Despite having lost his precious ball, Santiago's passion for the game has been retained and strengthened and he stars in minor local competitions. His games are played on dustbowls where no grass has taken root or on fields marked out on a still-evident grid iron. The message is that the game is an alien one. Like Santiago, football cannot get a Green Card.
This seems to be Santiago's lot until he is spotted by a visiting talent scout, Glen Foy – one-time player with Newcastle United. Foy contrives to get Santiago a trial with Newcastle – as long as he can pay his own way over – bringing Santiago into conflict with his father, who believes that the idea is utter foolishness. To Hernan there are two types of people in the world: those who own the big houses and those who do their gardening or wash their cars. It represents a class divide that is impossible to cross. The American Dream does not apply to the section of the American population among which the Munez family lives.
Despite Hernan's objections, and with his grandmother Mercedes' covert financial aid, Santiago makes his way to Newcastle to begin his struggle to make it in the top flight of English football.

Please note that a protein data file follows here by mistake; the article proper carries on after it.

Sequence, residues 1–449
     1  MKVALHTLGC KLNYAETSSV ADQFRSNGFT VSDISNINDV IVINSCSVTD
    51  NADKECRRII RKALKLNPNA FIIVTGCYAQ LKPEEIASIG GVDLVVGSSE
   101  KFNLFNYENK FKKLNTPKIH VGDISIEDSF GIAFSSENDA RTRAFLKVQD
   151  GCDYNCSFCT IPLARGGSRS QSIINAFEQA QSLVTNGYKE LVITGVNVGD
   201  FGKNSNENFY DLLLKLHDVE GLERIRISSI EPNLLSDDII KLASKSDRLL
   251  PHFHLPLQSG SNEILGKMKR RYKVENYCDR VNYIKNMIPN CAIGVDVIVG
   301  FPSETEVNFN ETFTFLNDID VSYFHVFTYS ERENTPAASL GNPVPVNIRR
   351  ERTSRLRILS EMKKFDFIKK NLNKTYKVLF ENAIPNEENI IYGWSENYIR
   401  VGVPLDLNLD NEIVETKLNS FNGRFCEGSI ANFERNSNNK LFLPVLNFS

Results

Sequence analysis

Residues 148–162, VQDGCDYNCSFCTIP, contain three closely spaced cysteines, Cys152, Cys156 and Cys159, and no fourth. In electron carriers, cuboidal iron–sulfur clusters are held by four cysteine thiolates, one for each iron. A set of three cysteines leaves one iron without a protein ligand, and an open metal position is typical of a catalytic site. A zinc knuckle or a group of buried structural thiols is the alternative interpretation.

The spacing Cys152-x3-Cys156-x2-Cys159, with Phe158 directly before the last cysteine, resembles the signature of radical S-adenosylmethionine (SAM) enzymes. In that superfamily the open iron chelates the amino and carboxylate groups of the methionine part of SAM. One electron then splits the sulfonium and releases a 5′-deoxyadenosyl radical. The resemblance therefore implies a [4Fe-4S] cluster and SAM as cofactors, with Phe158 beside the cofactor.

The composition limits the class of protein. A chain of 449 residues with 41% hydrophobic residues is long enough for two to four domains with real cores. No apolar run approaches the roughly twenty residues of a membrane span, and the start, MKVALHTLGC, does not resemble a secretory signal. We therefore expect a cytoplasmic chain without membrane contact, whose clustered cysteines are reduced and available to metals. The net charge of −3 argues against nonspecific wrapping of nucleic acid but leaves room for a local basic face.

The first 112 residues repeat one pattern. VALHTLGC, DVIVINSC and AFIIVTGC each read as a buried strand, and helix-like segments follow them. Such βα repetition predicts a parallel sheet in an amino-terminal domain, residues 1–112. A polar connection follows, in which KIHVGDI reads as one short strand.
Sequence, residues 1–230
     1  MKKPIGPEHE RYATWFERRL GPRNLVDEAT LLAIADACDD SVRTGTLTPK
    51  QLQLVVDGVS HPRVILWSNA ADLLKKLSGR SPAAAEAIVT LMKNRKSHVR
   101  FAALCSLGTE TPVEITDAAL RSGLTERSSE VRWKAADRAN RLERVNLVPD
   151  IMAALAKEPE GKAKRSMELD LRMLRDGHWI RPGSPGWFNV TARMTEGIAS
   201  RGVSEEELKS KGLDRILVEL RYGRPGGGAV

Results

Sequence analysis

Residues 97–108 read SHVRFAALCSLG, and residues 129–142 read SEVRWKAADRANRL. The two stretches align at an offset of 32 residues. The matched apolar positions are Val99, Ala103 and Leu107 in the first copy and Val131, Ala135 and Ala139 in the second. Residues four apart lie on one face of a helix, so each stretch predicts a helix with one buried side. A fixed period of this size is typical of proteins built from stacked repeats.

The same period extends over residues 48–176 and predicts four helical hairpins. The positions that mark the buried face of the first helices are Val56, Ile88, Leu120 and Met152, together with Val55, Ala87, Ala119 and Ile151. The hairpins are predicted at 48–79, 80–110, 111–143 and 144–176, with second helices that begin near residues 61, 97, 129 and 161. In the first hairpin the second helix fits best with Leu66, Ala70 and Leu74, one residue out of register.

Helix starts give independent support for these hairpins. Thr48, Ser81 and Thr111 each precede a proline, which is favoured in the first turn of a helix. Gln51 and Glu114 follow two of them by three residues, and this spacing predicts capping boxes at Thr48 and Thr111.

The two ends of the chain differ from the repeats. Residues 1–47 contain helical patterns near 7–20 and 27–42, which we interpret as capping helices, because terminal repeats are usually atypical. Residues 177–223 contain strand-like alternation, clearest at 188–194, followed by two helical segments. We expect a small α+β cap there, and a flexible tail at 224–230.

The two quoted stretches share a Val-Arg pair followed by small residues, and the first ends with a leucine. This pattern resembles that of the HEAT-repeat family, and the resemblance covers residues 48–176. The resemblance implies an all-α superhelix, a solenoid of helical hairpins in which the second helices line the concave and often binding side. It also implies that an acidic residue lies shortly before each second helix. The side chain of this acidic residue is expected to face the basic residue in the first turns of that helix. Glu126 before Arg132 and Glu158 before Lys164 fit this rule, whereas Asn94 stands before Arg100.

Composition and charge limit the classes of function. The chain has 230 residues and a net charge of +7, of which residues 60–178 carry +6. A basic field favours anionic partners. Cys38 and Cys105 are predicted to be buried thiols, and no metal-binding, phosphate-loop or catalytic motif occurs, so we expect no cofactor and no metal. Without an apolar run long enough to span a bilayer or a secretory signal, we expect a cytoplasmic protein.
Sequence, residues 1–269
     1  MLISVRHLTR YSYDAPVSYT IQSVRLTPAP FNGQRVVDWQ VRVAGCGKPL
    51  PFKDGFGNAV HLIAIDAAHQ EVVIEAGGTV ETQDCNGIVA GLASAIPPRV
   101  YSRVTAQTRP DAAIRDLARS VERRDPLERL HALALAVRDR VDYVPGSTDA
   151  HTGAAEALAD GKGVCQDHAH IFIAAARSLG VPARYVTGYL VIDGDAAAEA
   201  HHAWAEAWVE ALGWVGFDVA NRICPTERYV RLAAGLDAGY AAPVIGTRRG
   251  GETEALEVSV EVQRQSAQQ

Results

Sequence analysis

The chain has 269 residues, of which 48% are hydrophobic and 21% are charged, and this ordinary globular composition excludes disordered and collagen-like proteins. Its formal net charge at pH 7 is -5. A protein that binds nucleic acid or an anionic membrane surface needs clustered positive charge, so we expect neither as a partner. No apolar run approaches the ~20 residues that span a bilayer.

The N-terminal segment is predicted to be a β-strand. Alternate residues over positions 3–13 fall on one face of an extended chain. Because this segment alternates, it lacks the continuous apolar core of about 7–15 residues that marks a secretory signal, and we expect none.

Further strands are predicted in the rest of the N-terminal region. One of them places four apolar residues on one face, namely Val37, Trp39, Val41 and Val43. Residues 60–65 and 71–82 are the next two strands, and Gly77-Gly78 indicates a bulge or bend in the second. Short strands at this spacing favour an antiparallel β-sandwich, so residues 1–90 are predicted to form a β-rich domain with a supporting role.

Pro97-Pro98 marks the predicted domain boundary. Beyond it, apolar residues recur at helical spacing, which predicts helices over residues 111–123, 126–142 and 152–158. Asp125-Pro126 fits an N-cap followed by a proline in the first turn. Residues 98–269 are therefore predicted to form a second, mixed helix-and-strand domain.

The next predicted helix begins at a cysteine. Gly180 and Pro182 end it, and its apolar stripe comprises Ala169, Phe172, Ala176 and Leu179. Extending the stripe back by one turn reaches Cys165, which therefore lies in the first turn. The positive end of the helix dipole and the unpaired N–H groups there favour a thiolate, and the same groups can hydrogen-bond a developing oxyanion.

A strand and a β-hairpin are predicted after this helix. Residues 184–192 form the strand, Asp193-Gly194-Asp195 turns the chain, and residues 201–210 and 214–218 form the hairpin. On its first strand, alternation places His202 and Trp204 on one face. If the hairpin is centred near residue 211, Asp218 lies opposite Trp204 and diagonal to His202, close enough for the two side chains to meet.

While this section is only the first third of Goal!, it's the part where the movie's politics are laid bare. Its makers clearly see the USA as a class-ridden and culturally protectionist society. The one delicious and central irony in all of this is that in order to achieve what was once thought of as the American Dream, Santiago needs to leave America and go to the banks of the once-decrepit Tyne at the heart of post-industrial working class Britain to achieve his goal.
As FIFA propaganda this movie has done a lot of work already in Australia and elsewhere. And it will keep on doing so.
More significant than this, it may well be signalling the beginning of the end of football's attempt to woo the USA to its cause. Goal! didn't need to be set in LA. It would have worked equally well had Foy found Santiago playing in any part of Central America. The only purpose of setting it in America seems to have been to reject that country as a place where the world game can take root and flourish. This could mean one of two things: FIFA has given up on favouring the USA; or it has seen the beginnings of the demise of the American empire. Perhaps both.
When an organisation as large and as powerful as FIFA starts making oblique observations such as these we can only sit up and take note. They give us pause to contemplate the future of the American empire and its role in global politics.
Goal! is the first in a trilogy. Perhaps the next two instalments will clarify the political and economic programs FIFA is implementing. Clearer is the impact Australia's qualification for the World Cup has had on the screenplay of the third movie. The movie's Australian producer, Matt Barrelle has changed the script to feature the Australian team and local fans.